In a one-day event in Scarborough this past month, 125 lobstermen traded in 140,000 pounds of ground-line rope for vouchers toward the purchase of a rope less likely to entangle endangered whales. The rope exchange was the first of its kind in the state. Federal regulations due out in October ensure it won’t be the last.

The event, sponsored by the Maine Lobstermen’s Association’s Gulf of Maine Lobster Foundation, was designed to help area lobstermen make the transition from floating rope to sinking rope for trap ground-lines. Floating rope has been known to snare endangered fin, humpback and right whales, while evidence suggests sinking rope will prevent such fatal entanglements. For every pound of floating rope turned in, lobstermen received a voucher for $1.40 toward the purchase of sinking rope at area marine outfitting stores.

Sinking rope is more costly than floating rope; estimates say it will cost the average lobsterman $3,500 to make the transition. Laura Ludwig, Gulf of Maine Lobster Foundation Project Director, said the vouchers won’t cover the total costs of purchasing the new rope.

“The dollar-forty we’re giving them is just to take the edge off,” she said.

Conservationists and whale disentanglement teams applauded the rope exchange. Bob Bowman, Maine regional coordinator for Provincetown’s Atlantic Large Whale Disentanglement Network, said he’s been hoping for an event like this for years.

“I think it’s really exciting that it’s going on,” Bowman said.

Bowman said while floating rope by its nature floats into the possible paths of whales, sinking rope stays closer to the bottom. A move to sinking rope for lobstermen who can successfully fish with it can’t help but improve endangered whales’ chances for survival, he said.

“It’s just a matter of physics,” he said.

Vicki Cornish, director of marine wildlife conservation for the Ocean Conservancy, said such exchanges can’t come a moment too soon. There are only some 350 North Atlantic right whales left in the wild and that number is declining yearly. Anything that can be done to prevent entanglement deaths might save the species, she said.

“If we could save two females a year, we may be able to reverse the trend,” Cornish said.

The exchange is coming at a critical time in the lobster industry as well. After years of delay, the National Marine Fisheries Service (NMFS) announced it finally will come out with new rules on fishing gear designed to protect endangered Atlantic whales in October. The rules were first mandated in 2003, shortly after a critically-endangered North Atlantic right whale died while ensnared in what was believed at the time to be whale-safe lobster gear.

This past February, the Ocean Conservancy and the Humane Society of the United States sued NMFS in federal district court to force it to release the new rules. The suit said the agency was violating the Marine Mammal Protection Act with its delay; seven right whales, fourteen humpback whales, and four fins have died or been injured from fishing gear entanglements since 2003, according to the Ocean Conservancy. This year’s promised October rulemaking date is part of a settlement of the February lawsuit.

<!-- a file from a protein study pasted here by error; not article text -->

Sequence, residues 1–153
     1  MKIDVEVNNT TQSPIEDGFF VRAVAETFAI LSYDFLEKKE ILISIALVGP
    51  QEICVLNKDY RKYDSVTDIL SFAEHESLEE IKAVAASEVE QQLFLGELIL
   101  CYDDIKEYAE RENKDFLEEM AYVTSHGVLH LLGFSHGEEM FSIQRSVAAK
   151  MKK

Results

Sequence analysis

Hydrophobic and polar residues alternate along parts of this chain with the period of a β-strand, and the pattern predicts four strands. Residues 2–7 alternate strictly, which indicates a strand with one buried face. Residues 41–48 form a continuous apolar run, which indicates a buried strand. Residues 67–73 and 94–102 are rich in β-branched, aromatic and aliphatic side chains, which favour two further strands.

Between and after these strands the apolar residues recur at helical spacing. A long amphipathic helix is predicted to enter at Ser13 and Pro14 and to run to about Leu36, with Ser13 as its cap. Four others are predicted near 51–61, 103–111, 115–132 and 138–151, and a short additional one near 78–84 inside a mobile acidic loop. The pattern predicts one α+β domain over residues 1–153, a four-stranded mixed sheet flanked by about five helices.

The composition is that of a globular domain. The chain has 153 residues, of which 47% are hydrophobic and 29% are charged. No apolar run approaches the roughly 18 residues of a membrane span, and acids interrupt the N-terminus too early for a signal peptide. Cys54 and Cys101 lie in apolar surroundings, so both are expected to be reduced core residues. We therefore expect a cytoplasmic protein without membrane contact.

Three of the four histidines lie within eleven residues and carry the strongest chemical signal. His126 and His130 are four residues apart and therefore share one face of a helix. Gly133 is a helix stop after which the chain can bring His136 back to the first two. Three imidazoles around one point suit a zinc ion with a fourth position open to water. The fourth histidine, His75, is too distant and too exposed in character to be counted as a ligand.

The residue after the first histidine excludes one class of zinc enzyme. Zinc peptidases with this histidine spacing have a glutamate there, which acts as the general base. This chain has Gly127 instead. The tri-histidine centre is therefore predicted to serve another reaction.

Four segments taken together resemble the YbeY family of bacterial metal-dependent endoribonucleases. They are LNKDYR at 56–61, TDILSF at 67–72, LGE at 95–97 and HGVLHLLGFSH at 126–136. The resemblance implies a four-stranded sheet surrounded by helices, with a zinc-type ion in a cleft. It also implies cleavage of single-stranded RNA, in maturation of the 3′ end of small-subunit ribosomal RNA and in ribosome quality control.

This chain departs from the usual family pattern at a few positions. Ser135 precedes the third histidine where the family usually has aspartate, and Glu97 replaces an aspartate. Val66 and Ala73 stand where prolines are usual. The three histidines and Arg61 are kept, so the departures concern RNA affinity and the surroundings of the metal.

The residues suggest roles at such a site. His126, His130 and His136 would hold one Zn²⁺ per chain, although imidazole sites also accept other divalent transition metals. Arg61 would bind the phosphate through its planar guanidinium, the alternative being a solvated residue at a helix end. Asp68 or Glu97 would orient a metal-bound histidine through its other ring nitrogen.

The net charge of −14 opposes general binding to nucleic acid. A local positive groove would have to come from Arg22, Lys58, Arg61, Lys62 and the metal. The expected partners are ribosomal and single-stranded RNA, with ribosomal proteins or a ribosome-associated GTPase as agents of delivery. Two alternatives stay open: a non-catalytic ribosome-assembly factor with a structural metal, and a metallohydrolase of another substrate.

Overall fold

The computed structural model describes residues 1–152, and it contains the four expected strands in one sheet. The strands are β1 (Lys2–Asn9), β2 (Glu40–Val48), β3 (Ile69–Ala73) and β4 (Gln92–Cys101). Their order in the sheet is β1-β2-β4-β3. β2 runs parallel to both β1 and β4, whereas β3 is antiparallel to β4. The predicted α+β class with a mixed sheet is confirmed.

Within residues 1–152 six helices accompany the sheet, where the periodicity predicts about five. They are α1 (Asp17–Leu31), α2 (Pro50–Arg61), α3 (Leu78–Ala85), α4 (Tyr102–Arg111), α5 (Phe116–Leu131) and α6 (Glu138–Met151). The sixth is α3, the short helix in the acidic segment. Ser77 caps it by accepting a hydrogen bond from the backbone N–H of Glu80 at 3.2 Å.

Though no one knows what the new rules will be, lobster industry insiders and conservationists agree it will call for more use of sinking rope. Sinking rope is already mandated in some federal waters and Cornish said it is used exclusively in Massachusetts. Many believe the new regulations will ban floating ground-line rope altogether.

“There’s a good chance of that,” Ludwig said.

But not every lobsterman is ready to trade in his or her floating rope just yet. David Provencher is a Zone G representative of the state’s lobster council and lives in the Scarborough area. He knew of the exchange, but chose not to participate because he’s waiting to see if the new federal regulations will stop short of banning floating rope outright.

“I’m hoping state waters get exempt,” Provencher said.

Many Maine lobstermen feel sinking rope catches too much on rocky sea bottom to be practical, especially Downeast. When asked, Leroy Bridges of Deer Isle was adamant about his opinion of sinking rope.

“I have a bunch of feelings about it, none of them positive,” Bridges said. “I’ve got rope in my shop…that’s 15 years old. [With sinking rope] I’d be lucky to get two.”

Even some lobstermen who participated in the exchange were less than impressed with sinking rope. Ted Christie of Westport Island, who traded in some 1,300 pounds of floating rope, said sinking rope won’t work for many lobstermen he knows. Still, he felt the exchange was a good investment. He fishes mainly in smooth-bottom areas and somewhat in federal waters, and he’s sure the new regulations will call for more sinking rope there.

“I might as well get geared up,” Christie said.

The Ocean Conservancy’s Cornish hopes complaints against sinking rope will become a catalyst for change. She said lobstermen are natural engineers and innovators; once they use sinking rope, they’ll be able to provide better feedback to rope manufacturers.

“Once the fishermen are involved in the engineering of that line, it will make a better line,” she said.

Ludwig said the next rope buyback program most likely will happen early next year.

Most everyone agrees lobstermen will need to transition to safer gear or risk expanded area closures by the federal government. Like it or not, sinking rope may be the only way both right whales and the lobster industry can survive.